ALERT: SEC Releases Updated Conflict Minerals FAQ

The following alert was issued by RGP’s Supply Chain Practice’s Senior Practice Leader, Kevin Deely on April 8, 2014.  Please feel free to contact us with any questions and we’ll put you in touch with the Supply Chain Practice leadership in your local region.

ALERT: SEC Releases Updated Conflict Minerals Frequently Asked Questions (FAQ)

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In a much-anticipated update to the Securities Exchange Commission (SEC) May 2013 Frequently Asked Questions (FAQ), the SEC released nine new questions and answers relating to conflict minerals. To view the SEC’s FAQ page, please click here.

The release of information addressed a number of lingering questions since the initial release of the FAQ. One of the most anticipated points of clarification included how companies should treat a hybrid of ‘DRC undeterminable’ and ‘DRC conflict free’ products in its Conflict Minerals Report (CMR). The SEC said that companies can only describe products that are ‘DRC conflict free’ if the issuer determines that the conflict minerals did not finance or benefit armed groups in the region based on its due diligence. In addition, that due diligence requires an Independent Private Sector Audit (IPSA) of the CMR, for filings describing products as ‘DRC conflict free’. Key excerpts from the release include:

  • If, after exercising due diligence on the source and chain of custody of its conflict minerals, an issuer determines that at least one of its products may be described as “DRC conflict undeterminable,” is the issuer required to obtain an IPSA of its Conflict Minerals Report during the temporary transition period?

    No. The Commission stated in the adopting release that, during the transition period, issuers with products that may be described.

  • If an issuer does not obtain an IPSA of its Conflict Minerals Report because one of its products is “DRC conflict undeterminable,” may it describe any of its other products as “DRC conflict free” in its Conflict Minerals Report?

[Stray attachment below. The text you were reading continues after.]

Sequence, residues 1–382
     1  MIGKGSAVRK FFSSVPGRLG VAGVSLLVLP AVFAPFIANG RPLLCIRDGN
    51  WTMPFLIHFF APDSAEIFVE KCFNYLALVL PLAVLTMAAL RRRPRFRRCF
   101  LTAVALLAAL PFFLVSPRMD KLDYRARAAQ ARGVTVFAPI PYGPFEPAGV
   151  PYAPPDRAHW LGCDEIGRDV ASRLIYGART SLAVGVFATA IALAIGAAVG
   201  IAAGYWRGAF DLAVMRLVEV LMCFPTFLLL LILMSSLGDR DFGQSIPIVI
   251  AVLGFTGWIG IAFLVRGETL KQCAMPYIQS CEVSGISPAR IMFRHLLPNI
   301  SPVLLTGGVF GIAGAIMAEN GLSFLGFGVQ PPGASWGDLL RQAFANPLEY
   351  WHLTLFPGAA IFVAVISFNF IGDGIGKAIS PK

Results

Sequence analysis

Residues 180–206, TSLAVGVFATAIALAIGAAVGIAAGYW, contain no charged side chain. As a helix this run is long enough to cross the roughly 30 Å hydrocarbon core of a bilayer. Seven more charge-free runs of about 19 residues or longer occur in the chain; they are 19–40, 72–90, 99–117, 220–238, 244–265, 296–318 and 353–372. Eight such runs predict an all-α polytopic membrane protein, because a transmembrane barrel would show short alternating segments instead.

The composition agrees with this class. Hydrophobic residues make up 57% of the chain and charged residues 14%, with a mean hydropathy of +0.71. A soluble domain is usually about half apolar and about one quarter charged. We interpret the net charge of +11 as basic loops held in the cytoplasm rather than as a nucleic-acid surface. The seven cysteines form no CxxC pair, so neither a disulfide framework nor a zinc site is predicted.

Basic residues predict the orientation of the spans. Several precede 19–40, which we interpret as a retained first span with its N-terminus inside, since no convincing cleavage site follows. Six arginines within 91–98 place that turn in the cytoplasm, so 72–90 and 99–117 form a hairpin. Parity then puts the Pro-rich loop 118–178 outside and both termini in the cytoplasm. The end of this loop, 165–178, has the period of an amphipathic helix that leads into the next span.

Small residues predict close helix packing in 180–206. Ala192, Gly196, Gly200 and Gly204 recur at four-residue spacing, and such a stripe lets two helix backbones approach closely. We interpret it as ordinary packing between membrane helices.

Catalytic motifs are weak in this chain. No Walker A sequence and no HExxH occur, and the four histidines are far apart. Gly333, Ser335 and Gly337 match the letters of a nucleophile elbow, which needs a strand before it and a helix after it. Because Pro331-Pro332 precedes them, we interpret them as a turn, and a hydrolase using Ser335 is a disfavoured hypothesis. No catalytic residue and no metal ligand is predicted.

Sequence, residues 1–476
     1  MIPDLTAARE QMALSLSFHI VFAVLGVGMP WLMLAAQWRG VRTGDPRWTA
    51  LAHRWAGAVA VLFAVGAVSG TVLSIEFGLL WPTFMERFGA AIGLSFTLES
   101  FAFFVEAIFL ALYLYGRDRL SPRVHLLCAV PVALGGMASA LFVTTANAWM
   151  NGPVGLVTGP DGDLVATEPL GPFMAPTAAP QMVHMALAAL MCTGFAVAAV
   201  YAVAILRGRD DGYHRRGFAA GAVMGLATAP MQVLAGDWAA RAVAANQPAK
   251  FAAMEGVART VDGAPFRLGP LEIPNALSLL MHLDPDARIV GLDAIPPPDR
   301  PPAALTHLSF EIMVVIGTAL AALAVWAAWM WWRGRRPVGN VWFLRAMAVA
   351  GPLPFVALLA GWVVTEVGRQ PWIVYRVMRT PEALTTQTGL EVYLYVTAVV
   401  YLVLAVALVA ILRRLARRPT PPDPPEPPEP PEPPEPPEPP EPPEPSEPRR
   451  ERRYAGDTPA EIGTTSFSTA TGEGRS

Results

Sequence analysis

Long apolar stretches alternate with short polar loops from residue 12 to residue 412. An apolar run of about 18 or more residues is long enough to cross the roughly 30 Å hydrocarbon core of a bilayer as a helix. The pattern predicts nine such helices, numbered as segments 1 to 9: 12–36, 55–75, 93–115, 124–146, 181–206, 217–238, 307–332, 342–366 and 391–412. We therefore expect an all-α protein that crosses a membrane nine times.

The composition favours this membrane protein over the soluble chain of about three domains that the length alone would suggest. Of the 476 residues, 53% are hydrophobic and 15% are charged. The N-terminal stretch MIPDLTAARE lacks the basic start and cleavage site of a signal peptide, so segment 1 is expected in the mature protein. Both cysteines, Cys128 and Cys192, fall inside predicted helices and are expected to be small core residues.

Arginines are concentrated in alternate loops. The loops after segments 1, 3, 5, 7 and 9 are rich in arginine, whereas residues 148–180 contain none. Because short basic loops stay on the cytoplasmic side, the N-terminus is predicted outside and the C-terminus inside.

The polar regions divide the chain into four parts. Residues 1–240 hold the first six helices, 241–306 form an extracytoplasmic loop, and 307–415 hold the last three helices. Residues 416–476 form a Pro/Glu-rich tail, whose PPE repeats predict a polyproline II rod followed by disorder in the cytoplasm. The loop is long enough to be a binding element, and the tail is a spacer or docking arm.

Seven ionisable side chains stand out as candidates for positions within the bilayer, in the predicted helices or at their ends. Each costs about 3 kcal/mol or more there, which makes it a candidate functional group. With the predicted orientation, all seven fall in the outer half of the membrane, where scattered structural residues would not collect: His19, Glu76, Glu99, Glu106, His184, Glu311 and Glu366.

No. An issuer is not required, under the rule, to describe any qualifying products as “DRC conflict free” in its Conflict Minerals Report. The rule defines due diligence as including an IPSA of the Conflict Minerals Report. Therefore, to be able to describe qualifying products in its Conflict Minerals Report as “DRC conflict free,” an issuer must have obtained an IPSA.

  • During the temporary transition period, an issuer has products that it manufactured or contracted to have manufactured with conflict minerals that are necessary to the functionality or production of those products. Each product is composed of a number of conflict minerals from different sources. In its Conflict Minerals Report, how should the issuer describe any particular product based upon the various combinations of conflict minerals in the product?

    During the temporary transition period, if an issuer has a product that would qualify as “DRC conflict free” except that the product contains a conflict mineral that the issuer is unable to determine did not originate in the DRC or an adjoining country, or is unable to determine did not directly or indirectly finance or benefit armed groups in those countries, the issuer may not describe that product as “DRC conflict free.”

  • The nationally or internationally recognized due diligence framework used by an issuer may include procedures for obtaining information about a conflict mineral’s country of origin. If so, this aspect of the nationally or internationally recognized due diligence framework would encompass the reasonable country of origin inquiry requirement under the rule. In that situation, would the IPSA also include the issuer’s reasonable country of origin inquiry?

    No. The IPSA does not need to include the reasonable country of origin inquiry because, under the rule, that inquiry is a distinct step separate from the due diligence process.

 

The release of the updated FAQ is helpful, but still does not address a range of questions companies have before the first filing. Companies should evaluate how this new information may affect their current draft Form Specialized Disclosures (SD) and CMRs.

For additional information, please contact your RGP Client Service Director, visit RGP.com or call +1.800.900.1131.  (Or contact our policyIQ team and we’ll put you in touch with the local RGP Directors in your area.)

This entry was posted in Industry News and tagged , , by Chris Burd. Bookmark the permalink.

About Chris Burd

Chris is the Managing Director of the policyIQ group at RGP. She gets geeky about compliance and technology, and gets to spend every day working at the crossroads of the two. With policyIQ since 2005, Chris has worked with hundreds of policyIQ clients to implement technology and enhance their internal compliance environment. In the past few years, she's focused on enhancing policyIQ's offering as a Conflict Minerals and Anti-Corruption tool. In past lives, Chris worked as a system implementation consultant, a e-commerce specialist, a customer service call center manager, and - for one short but memorable summer during high school - a machine operator on midnight shift in a plastics factory. In her free time, she spoils her nieces, volunteers at her local food bank, and spends more time than she should taking photos of her cats. She would like to be a rock star when she grows up.

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